For example, in the American section, there is a scene that is clearly supposed to be Roswell, N.M., where aliens supposedly landed. In the scene, a group of aliens are taking over a military plane. But it's below the surface where the truly delightful detail emerges: a hidden UFO and several levels of a secret military station geared around the aliens.
Still, despite countless numbers of these little scenes, it's the trains that are the true champions: and they do dominate. There's a single track climbing through the Swiss Alps. There's a giant representation of the Hamburg Central Train Station, complete with 14 platforms, and trains rushing in and out at all times. There are rail bridges, tunnels, cargo trains, express trains, and much, much more.
The biggest new attraction at Miniatur Wunderland is its airport. And for good reason. This 1:87 scale model of Hamburg's airport took the oldest brother six years to build, and cost 3.5 million euros and 150,000 working hours. According to Drechsler, it is an extremely realistic representation of the airport, as well it should be since it was built using the airport's actual construction plans.
The airport features 32 planes, each of which move around automatically, and autonomously. And here's where some of the true magic of the airport kicks in: The planes, as well as the many cars and trucks, buses, and support vehicles that move around on the tarmac, all do so independent of each other, yet almost never collide. That's because the oldest brother designed a system--using 80,000 lines of code--in which a tracking system automatically monitors the planes and vehicles and keeps track of their whereabouts at all times. Occasionally, there's a collision, but it's very infrequent.
These little vehicles are even smart enough to know when they need to have their batteries recharged, and when that happens, they drive themselves into a little garage and then go behind the walls to a charging area where they dock themselves at a little station and proceed to recharge. When they're done, they back out and return to wherever the program tells them they should be.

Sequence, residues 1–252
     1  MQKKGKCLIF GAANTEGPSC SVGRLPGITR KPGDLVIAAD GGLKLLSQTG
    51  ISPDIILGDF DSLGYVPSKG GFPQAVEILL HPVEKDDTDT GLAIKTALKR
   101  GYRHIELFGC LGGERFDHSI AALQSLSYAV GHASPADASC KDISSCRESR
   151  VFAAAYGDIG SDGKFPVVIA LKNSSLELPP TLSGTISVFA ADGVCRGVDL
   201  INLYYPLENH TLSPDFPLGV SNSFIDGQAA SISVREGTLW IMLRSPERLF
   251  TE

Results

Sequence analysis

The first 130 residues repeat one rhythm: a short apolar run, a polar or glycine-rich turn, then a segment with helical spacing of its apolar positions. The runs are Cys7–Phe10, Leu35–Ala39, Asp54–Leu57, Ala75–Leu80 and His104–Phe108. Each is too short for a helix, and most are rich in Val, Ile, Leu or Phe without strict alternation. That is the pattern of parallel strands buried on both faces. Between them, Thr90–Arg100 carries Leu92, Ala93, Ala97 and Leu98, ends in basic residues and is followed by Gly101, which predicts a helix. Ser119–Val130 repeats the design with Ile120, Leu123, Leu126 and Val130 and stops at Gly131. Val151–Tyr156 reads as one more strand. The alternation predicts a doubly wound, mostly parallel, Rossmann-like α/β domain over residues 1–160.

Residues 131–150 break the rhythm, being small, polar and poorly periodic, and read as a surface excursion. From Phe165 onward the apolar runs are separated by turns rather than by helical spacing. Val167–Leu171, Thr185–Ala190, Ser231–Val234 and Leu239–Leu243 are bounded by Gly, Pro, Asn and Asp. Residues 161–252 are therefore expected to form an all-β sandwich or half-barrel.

And being an airport, there should be takeoffs and landings, correct? I had assumed that this would be a missing element, much as is the case with the airport at the Legoland in Billund, Denmark, which I visited a few days earlier. But at Miniatur Wunderland, there's no such thing as such an important element not being there. Here, the planes do indeed take off and land (see video below), all because of an ingenious system in which the planes automatically taxi onto a runway, and while they roll towards getting airborne, little metal sticks pop up through slits in the surface and raise the planes up in the air. They gradually ascend until they disappear behind a flap in the wall. Landings work the same way, except in reverse.
Doubling in size
As if Miniatur Wunderland wasn't already big enough, Drechsler said the plan is to double the layout by the year 2020. To make that a reality, they've already rented another 10,700 square feet of space in which to expand. Among the geographies that will be added are an Italian section and more of the United States.
I wondered how it could all work since they don't own the building: after all, with such an amazing collection, if they lost their lease, the whole thing would come crashing down.
But he explained that Miniatur Wunderland has a 25-year lease. And anyway, he said, their landlord is the city of Hamburg. "And the city likes us," he said. It's the world's-largest model train collection and a million people come to see it each year. How could Hamburg not love it?